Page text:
26 Mar

Trump Card Games: Concepts in Trick-Catching

A cursory exploration of Canada’s favorite trick-catching card games and why we love them.

Trump Card Games: Concepts in Trick-Catching

There are probably more ways to play cards than ways to blend the world’s myriad dog breeds. Some games are popular in specific regions, while others have spread far and wide through centuries of human migration. Here in Canada – like so many major nations of the world – we have a knack for twisting the original rules of internationally-derived games to align with our own preferences.

Of all the card games still popular in modern Canadian society, all can be classified into one of just a few categories. Doing so, you’ll find the largest list appears under the heading, ‘Trick-Catching Games‘.

What Are Trick-Catching Card Games?

A trick-catching (aka trick-taking) card game is one that requires players, or partnerships, to earn points by collecting groups of cards. Each card group is called a “trick”. All players start with the same number of cards, and each round, will play one card from their hand. The player who plays the highest ranking card that round wins the trick.

These games almost always have a “trump suit”, which acts similar to a wild card. In the game of Spades, for instance, all Spades are trumps. Most games aren’t that direct about it, instead allowing players to bid for a contract (number of tricks or points to be caught). The winner of the bid chooses the trump suit.

The highest ranking trump isn’t always the Ace, though. While some games utilize traditional ranks, some of Canada’s most popular card games hail Jacks as the most valuable of all trump cards. This is true of Euchre, Mitaine, Yukon and others.

Not all trick-catching games have trumps, either. In the game of Hearts, for example, there is no trump suit. The suit led is the suit players must follow, if able, with the goal of avoiding all Hearts and the Queen of Spades, as they incur negative points for the trick-catcher.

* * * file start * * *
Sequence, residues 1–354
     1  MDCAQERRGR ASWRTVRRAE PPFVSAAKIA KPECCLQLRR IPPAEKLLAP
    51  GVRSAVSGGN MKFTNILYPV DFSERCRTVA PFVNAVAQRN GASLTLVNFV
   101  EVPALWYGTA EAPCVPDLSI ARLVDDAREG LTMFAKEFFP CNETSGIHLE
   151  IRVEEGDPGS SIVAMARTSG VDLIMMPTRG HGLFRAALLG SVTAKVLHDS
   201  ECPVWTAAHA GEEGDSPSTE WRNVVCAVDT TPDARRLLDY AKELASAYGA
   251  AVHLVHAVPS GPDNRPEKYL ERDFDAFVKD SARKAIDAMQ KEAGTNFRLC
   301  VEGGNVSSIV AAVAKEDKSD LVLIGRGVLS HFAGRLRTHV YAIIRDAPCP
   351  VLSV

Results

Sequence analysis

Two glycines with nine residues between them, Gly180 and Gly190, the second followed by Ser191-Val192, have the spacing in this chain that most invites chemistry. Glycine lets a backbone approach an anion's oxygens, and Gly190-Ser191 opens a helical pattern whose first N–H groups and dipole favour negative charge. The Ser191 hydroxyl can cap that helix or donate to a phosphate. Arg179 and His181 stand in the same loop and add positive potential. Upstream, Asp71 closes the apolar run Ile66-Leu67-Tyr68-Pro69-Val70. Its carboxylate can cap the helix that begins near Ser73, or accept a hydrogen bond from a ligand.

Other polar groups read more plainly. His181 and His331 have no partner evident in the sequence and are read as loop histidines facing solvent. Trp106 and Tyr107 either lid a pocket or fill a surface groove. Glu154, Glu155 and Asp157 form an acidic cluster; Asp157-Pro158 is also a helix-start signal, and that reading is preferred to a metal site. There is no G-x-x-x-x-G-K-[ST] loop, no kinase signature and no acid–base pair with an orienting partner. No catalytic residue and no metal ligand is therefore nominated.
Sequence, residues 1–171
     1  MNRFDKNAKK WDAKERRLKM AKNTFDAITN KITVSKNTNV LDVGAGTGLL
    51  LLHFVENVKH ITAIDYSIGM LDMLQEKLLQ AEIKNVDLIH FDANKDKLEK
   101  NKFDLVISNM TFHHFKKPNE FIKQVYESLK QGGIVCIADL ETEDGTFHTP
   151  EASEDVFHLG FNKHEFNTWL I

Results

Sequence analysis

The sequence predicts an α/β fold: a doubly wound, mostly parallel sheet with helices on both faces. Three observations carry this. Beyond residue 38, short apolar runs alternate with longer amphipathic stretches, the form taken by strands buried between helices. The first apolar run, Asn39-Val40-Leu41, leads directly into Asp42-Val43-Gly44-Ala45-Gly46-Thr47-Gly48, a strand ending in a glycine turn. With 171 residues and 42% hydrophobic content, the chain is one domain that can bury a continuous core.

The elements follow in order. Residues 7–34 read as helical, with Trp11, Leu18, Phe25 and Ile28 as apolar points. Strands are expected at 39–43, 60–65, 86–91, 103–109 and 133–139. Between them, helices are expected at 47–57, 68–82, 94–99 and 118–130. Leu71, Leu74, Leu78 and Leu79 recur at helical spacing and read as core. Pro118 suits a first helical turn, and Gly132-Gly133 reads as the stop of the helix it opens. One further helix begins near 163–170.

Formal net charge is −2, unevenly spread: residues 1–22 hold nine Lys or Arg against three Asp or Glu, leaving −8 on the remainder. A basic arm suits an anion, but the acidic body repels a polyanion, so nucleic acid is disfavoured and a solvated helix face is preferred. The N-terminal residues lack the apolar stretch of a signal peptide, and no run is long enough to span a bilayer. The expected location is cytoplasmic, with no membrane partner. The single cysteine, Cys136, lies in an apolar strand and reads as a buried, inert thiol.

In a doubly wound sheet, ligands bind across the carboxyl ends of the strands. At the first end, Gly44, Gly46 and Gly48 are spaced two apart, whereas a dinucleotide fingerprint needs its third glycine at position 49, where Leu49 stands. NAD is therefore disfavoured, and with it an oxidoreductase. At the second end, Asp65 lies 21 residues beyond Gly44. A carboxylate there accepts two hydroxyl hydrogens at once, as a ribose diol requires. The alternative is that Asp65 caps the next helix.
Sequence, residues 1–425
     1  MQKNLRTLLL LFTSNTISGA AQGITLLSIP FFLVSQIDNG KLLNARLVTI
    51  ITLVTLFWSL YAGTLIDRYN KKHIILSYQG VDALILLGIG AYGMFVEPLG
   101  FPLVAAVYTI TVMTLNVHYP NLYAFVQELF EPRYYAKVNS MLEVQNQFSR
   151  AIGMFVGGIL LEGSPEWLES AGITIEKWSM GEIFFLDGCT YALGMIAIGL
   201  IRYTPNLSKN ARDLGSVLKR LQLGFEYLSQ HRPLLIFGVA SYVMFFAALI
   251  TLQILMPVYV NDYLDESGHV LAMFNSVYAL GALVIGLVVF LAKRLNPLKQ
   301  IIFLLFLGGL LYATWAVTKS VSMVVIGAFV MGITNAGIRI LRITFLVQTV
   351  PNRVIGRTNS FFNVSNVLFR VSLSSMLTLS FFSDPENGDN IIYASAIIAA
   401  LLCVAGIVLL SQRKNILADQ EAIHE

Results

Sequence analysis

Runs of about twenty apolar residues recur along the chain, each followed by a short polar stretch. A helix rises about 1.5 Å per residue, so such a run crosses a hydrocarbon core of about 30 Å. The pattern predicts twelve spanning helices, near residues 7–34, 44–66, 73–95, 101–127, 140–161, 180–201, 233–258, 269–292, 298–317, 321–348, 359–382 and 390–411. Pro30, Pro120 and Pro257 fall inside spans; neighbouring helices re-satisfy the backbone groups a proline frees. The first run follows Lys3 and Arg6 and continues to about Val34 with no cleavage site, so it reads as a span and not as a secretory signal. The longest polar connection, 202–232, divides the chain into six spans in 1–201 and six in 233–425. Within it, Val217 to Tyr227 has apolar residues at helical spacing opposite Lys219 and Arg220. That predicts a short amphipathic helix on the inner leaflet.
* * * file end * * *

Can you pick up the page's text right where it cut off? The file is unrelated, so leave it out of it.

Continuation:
Trick-Catching Card Games in Canada

There are many, many different trick-taking card games played all over the world. Each is unique in its own way, giving players a variety of different rules to choose from. Some are designed to accommodate smaller or larger groups of players. Some designate single play, and others partnership play. A few allow for either singular or partnership play, depending on the number of players present.

In Canada alone, the list of games is fairly extensive. Some of the most popular trick-catching card games in Canada, and the basic requirements to play them, include:

Card Game
(Click for Rules)
# of
Players
Singles or
Partners?
Deck
Info
9-5-2 (Canadian Sergeant Major)
3
Singles
1 Deck, 52 Cards
Canadian Salad
3-6
Singles
1 Deck, 52 Cards
Contract Bridge
4
Partners
1 Deck, 52 Cards
Euchre
4
Partners
1 Deck, 24 Cards (9-Ace)
Forty-Fives (120)
4, 6
Partners
1 Deck, 52 Cards
Hearts
4
Singles
1 Deck, 52 Cards
Hola
2, 4 ,6
2 Singles
4/6 Partners
2-4 Players 1 Deck (52)
6 Players 2 Decks (104)
Kaiser
4
Partners
1 Deck, 32 Cards (no 2s, 4s, 5s, 6s, 7s)
King Pedro
4
Partners
1 Deck, 52 Cards
Mitaine (Mittens)
2-4
Optional
1 Deck, 52 Cards
Rook
3, 4
Partners
1 Deck of Rook Cards
Skat
3
Singles
1 Deck, 32-Cards, 7-Ace
Spades
4
Partners
1 Deck, 52 Cards
Two Hundred (200)
4
Partners
1 Deck, 36 Cards (no 2s, 3s, 4s, 6s)
Yukon
3-5
Optional
1 Deck, 52-Cards

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